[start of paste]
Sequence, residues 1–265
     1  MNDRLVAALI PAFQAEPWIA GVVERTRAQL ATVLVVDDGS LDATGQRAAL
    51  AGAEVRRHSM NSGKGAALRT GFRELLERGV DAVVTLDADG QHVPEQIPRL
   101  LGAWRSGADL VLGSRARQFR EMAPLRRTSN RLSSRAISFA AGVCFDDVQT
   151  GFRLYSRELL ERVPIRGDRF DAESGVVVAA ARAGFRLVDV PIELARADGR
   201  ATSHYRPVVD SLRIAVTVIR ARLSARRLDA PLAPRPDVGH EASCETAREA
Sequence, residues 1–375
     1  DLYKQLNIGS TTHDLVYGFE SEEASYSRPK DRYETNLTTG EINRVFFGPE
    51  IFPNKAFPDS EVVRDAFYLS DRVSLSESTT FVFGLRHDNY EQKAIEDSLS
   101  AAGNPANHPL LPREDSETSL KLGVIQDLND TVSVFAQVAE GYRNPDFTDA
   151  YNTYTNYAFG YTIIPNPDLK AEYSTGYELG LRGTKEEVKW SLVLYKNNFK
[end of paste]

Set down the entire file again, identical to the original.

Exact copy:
Sequence, residues 1–265
     1  MNDRLVAALI PAFQAEPWIA GVVERTRAQL ATVLVVDDGS LDATGQRAAL
    51  AGAEVRRHSM NSGKGAALRT GFRELLERGV DAVVTLDADG QHVPEQIPRL
   101  LGAWRSGADL VLGSRARQFR EMAPLRRTSN RLSSRAISFA AGVCFDDVQT
   151  GFRLYSRELL ERVPIRGDRF DAESGVVVAA ARAGFRLVDV PIELARADGR
   201  ATSHYRPVVD SLRIAVTVIR ARLSARRLDA PLAPRPDVGH EASCETAREA
Sequence, residues 1–375
     1  DLYKQLNIGS TTHDLVYGFE SEEASYSRPK DRYETNLTTG EINRVFFGPE
    51  IFPNKAFPDS EVVRDAFYLS DRVSLSESTT FVFGLRHDNY EQKAIEDSLS
   101  AAGNPANHPL LPREDSETSL KLGVIQDLND TVSVFAQVAE GYRNPDFTDA
   151  YNTYTNYAFG YTIIPNPDLK AEYSTGYELG LRGTKEEVKW SLVLYKNNFK